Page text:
A Muddy Monday Kickstart from the 2018 Seattle Supercross
PHOTOS | Rohr & Octopi Media
That was a night we’re probably going to be talking about for a long time. Neither the results or the points were severely affected by the chaos that was Seattle, but there were more than a few moments in the mud that’ll be remembered well. With that said, we’re nearing the end of this championship and things are starting to look pretty good for Aaron Plessinger and Jason Anderson as the lead the points in their respective classes. Luckily for us, there’s still lots of life left in this series and Seattle added a little fuel to that fire. Here’s everything that went down from in the Emerald City.
We saw it coming as soon as a forecast was available and everyone headed to Seattle knew what they were in for the week leading up to the race. That said, we were surprised at the general lack of preparedness for the night. We’ll be diving into this plenty more in the photos below. What nobody predicted was that the dirt from last year had been completely replaced. In dry conditions, this would have been great, but with all of the moisture from the storm that bombarded the Pacific Northwest, the clay track became incredibly slick. Storms of that strength are unusual for the region during this season and perhaps there was some bad luck to blame for it, after all, this was the thirteenth round. Whatever the case was, it was the perfect recipe for disastrous conditions.
Things couldn’t have been much worse in terms of mechanical failures. From heavy mud to deep ruts to dirty water, the bikes were pushed to their absolute limits. We saw lots of smoke, blown bikes, and destroyed parts. Many teams opted to swap motors out between races along with many other parts on their machines. Mechanics were also fighting an uphill battle as the wash area became a mud pit itself. This made it hard to get things completely clean and we saw some riders head to main event still caked in mud.
Before track walk, many of the riders were expecting to still be able to hit the triples and double through the rhythm sections. That quickly changed after track walk, however. One practice got underway, it became apparent that getting off the ground at all was going to be a challenge. Throughout the night we saw many attempt doubles, but it was never a consistent option and wasn’t necessarily the fastest way around the track either. After talking to Eli Tomac after the race, he noted that it was a challenge to get the bike straight enough to safely jump.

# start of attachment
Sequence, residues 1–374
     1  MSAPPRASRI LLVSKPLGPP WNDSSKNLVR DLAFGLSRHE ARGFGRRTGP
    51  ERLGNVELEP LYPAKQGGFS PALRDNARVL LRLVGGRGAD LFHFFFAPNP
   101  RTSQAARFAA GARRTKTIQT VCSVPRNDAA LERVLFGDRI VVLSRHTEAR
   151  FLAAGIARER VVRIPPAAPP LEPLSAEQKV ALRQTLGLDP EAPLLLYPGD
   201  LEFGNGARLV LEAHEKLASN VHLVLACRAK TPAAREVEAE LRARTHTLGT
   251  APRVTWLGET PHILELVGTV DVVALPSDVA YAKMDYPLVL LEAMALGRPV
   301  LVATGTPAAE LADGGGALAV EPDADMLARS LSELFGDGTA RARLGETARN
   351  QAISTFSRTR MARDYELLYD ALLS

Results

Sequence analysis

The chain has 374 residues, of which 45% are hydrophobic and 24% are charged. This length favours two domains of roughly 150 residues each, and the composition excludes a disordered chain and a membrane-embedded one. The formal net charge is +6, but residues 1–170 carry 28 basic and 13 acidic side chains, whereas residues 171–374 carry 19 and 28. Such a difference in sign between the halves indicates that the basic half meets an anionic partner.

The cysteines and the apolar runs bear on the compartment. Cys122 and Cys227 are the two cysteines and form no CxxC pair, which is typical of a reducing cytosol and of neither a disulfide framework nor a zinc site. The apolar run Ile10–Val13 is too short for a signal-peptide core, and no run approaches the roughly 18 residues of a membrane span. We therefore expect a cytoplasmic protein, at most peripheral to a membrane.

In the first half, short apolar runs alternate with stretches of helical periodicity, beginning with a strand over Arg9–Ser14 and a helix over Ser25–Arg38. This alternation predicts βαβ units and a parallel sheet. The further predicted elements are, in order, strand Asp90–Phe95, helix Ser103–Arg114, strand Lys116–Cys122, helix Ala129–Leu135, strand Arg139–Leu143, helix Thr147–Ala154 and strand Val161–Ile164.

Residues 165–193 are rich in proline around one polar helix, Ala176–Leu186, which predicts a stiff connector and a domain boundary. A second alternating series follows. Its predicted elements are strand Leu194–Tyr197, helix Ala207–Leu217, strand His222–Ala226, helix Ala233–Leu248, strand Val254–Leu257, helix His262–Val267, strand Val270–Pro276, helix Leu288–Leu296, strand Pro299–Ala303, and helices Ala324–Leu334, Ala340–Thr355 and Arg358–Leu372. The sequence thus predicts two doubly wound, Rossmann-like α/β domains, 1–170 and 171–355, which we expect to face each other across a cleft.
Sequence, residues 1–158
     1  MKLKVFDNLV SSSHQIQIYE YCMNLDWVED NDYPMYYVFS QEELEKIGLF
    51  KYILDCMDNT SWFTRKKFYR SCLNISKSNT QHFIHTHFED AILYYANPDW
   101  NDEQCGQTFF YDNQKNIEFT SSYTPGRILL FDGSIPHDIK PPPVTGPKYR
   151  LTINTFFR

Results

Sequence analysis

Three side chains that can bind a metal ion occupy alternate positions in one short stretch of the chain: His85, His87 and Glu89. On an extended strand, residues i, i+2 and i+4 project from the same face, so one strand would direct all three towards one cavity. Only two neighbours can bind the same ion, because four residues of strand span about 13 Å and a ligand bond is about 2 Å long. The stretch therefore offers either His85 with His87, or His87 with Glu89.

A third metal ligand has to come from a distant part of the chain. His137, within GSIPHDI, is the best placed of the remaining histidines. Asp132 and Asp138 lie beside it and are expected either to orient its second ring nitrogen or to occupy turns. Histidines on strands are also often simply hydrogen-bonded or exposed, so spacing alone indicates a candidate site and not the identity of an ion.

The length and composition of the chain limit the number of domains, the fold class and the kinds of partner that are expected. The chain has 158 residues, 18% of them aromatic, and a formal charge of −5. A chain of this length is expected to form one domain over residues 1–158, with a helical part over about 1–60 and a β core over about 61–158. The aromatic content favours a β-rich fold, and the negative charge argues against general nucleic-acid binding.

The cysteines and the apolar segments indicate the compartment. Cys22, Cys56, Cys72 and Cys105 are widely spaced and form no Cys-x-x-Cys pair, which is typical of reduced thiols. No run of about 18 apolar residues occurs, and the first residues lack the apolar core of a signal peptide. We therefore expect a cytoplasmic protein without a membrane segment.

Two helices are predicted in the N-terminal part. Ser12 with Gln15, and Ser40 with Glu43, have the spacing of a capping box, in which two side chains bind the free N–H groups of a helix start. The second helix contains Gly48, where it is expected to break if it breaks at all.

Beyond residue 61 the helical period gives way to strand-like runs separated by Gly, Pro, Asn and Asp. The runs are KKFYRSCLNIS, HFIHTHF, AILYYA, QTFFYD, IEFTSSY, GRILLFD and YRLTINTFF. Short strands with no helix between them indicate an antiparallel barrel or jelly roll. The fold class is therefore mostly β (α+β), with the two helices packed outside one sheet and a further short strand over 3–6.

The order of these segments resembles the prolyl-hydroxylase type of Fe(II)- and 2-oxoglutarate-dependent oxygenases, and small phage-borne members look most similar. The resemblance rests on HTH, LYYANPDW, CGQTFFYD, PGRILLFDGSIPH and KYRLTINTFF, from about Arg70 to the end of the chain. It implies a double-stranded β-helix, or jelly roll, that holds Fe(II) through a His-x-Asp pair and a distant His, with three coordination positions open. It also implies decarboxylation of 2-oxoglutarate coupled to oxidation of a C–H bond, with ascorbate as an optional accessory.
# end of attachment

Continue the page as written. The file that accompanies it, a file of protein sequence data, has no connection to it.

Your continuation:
Seattle is a town known for its enthusiastic crowds and this was on full display Saturday night. They were loud and excited for Plessinger’s belly flop and Reed pushing his bike across the finish, but nothing drew more attention than the hometown riders who made the main event. There was an eruption of celebration as Josh Hill crossed the finish line in his heat race and qualified for the main event in his first race since retirement. In the 250 SX LCQ, a similar celebration was had when local racer Kele Russell made the pass for the final transfer spot and qualified for his first main event of the year. Similarly, in the 450 SX LCQ, Collin Jurin snagged the final transfer spot and made the main event. As expected, the crowd once again erupted in cheers.
Nobody was surprised to see Aaron Plessinger rise to the top with such gnarly conditions. That said, he may have been the only rider who was genuinely excited about the mud. He managed to get good starts, stay clean, avoid disaster, and race at a higher pace than the rest of the field, all while smiling ear to ear about it. It’s also worth noting that his equipment was never in jeopardy at any point. If you’re looking to improve your skills in the slick stuff, you might want to keep this race on your DVR and study it for a bit.
SHORT MAIN EVENTS
The last-minute decision to shorten the main events to eight minutes plus a lap for the 250s and 12 minutes plus a lap for the 450s wasn’t received well by all, but it had to be done. We spoke with mechanics and teams after the race who were more than relieved, as there was simply no way the bikes could have lasted in those conditions. We’ll touch on this more, but the mud was so bad that nearly every component was being destroyed by mud, from forks and shock valves clogging with dirt particles to bearings seizing up. Had the races gone any longer, we’re not sure how many riders would have been able to complete their main events.